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Op-Ed

Negative interest rates are counterproductive

Robert Pozen

Central bankers in several countries have entered the “neverland” of negative interest rates in an effort to promote economic growth and boost price inflation to 2 percent per year. These countries include Denmark, Switzerland, Sweden and Japan as well as the European Central Bank.

These central bankers apparently believe that negative interest rates will motivate consumers to save less and spend more. In turn, higher consumer spending will allegedly induce companies to invest in new products and facilities — thus, promoting economic growth and raising consumer prices.

However, negative interest rates have so far not produced the desired behavioral changes of consumers or companies. While there are many possible explanations for these non-results, I believe that many central bankers have underestimated the adverse psychological and political effects of their unusual monetary policies.

Despite negative interest rates on deposits in many European banks, consumers have not ramped up their spending, as many economists would predict. In theory, when the returns on savings are zero or less, consumers should be spurred to save less and spend more. In addition, since negative interest rates are used by central banks to boost the rate of price inflation, consumers should theoretically spend more now before prices rise.

In fact, consumers have recently increased their savings and reduced their debts in Denmark, Sweden, and Switzerland. In Japan, consumers are also saving more. More generally, this summer, consumer savings hit their highest levels since 1995, when the Organization for Economic Cooperation and Development started collecting data on savings in advanced industrialized countries.

There are many possible explanations. Older workers, faced with very low investment returns, may have decided to save more for retirement. Younger workers without a big nest egg may be building up their own liquidity in fear of another financial crisis. Most importantly, some consumers have interpreted negative interest rates as a sign that their central bank is panicking, so they need to hunker down — and perhaps buy gold.

Thus, ironically, negative interest rates may be undermining the confidence of consumers in the economy — which is necessary for them to borrow and spend. For the year from Q2 2015 thru Q1 2016 (before the June vote for Brexit), Nielsen’s surveys show that consumer confidence has been generally declining in all four countries with negative interest rates.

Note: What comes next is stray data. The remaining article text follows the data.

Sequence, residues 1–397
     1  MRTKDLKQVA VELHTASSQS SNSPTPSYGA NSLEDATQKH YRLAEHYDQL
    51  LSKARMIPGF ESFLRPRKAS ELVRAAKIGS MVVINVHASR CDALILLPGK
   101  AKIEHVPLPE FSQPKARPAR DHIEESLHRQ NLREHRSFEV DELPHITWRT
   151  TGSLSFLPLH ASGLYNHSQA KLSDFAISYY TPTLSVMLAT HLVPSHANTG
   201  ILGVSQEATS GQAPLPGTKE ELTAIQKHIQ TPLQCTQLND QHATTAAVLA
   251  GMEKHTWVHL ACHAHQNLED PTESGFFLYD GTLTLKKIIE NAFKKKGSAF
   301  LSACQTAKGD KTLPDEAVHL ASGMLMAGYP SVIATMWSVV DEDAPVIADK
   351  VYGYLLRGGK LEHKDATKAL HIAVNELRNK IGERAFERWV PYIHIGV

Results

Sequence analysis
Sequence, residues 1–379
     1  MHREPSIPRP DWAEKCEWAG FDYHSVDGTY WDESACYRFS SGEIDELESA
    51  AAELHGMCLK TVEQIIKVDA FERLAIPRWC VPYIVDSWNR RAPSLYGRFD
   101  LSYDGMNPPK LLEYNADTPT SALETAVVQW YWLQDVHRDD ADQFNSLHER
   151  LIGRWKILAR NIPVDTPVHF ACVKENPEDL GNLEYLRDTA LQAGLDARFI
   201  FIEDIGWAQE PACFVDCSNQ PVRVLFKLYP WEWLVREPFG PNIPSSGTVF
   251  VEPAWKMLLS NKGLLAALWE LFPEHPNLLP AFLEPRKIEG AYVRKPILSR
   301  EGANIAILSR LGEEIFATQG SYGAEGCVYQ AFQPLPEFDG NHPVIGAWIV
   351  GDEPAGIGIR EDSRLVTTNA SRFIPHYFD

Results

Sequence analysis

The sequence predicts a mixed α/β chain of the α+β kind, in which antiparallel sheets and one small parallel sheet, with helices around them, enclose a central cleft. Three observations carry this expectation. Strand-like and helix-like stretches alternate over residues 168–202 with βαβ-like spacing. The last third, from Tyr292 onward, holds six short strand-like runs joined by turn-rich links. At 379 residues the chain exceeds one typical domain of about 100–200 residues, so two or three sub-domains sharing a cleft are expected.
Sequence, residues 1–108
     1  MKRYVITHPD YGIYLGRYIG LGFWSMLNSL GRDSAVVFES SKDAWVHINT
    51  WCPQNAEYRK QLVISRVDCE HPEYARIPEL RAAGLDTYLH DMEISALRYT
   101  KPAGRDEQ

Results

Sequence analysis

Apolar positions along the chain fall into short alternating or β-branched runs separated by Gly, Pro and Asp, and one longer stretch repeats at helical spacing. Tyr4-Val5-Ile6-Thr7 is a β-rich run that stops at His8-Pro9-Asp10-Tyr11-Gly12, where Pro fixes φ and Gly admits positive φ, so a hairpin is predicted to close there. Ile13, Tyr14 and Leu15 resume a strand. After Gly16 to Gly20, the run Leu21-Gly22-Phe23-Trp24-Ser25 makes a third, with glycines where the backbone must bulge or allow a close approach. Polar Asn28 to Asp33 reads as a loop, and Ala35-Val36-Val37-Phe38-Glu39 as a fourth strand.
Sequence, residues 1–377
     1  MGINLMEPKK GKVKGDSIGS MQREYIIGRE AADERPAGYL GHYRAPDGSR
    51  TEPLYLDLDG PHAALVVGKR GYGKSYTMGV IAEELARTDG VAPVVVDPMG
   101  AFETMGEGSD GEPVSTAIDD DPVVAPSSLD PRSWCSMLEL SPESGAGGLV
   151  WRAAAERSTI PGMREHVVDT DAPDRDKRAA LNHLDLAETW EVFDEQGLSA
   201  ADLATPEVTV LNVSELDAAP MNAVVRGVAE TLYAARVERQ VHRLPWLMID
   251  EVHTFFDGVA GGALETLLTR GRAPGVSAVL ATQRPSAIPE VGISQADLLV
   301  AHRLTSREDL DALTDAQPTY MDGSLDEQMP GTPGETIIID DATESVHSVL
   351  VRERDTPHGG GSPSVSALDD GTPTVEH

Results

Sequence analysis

Give the weakness of consumer demand, companies and banks continue to let cash pile up on their balance sheets. In March of 2016, the cash held by 75 of the biggest non-financial companies in Europe had increased almost 40 percent over the last 6 years. In the European Union, the vast majority of banks see no material impact on lending volumes as a result of negative interest rates, according to Deutsche Bank.

Some executives are concerned about the slowdown in China and emerging markets. Other executives have been taken aback by the strident anti-business rhetoric prevalent in political debates. In addition, with interest rates so low, many company executives feel pressured to increase cash dividends to their shareholders.

But research by MIT Professor Kothari and his colleagues demonstrates that interest rate cuts are generally a weak tool to promote business spending. Based on 60 years of data, he concluded that “moving the interest rate by one or two per cent does not generate a change in the investment behavior on the part of corporations.” Given these findings, central bankers should not expect lowering interest rates by one-quarter or one-half of 1 percent to trigger a boom in corporate borrowing or investing.

Rather, company executives tend to respond to a positive profit outlook and a stable environment for growth, according to Kothari. For example, the study found that a $1 increase in profits led to a 25 percent increase in investment the following quarter, and nearly $1 over the next five quarters.

In short, we have reached beyond the effective limits of interest rate cuts to promote economic growth. That now requires other governmental policies such as significant infrastructure investments and targeted tax incentives. But radical monetary measures like negative interest rates have taken the political heat off legislators to adopt needed fiscal policies.

Author

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Robert Pozen

Chairman, MFS Investment Management Former Member, President's Committee to Strengthen Social Security

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